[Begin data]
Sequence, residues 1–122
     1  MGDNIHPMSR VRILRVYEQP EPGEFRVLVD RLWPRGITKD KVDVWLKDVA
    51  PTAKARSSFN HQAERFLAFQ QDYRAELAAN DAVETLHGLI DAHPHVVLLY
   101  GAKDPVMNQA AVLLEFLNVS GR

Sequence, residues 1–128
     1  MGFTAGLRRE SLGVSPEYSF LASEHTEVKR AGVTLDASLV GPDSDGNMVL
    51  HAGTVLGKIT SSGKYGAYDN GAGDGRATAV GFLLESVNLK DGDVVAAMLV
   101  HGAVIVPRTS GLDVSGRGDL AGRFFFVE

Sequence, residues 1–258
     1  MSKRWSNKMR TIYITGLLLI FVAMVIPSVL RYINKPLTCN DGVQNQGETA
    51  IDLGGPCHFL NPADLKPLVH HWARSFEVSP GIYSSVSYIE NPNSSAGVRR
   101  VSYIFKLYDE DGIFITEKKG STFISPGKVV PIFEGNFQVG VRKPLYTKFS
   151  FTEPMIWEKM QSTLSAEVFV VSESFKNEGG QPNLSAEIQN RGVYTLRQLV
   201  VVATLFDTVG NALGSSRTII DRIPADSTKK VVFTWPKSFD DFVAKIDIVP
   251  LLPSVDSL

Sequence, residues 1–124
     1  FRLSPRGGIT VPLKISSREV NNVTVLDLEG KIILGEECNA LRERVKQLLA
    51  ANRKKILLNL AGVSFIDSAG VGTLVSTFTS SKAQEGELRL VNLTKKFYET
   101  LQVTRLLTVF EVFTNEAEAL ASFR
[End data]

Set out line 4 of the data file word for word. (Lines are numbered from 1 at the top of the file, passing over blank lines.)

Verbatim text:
   101  GAKDPVMNQA AVLLEFLNVS GR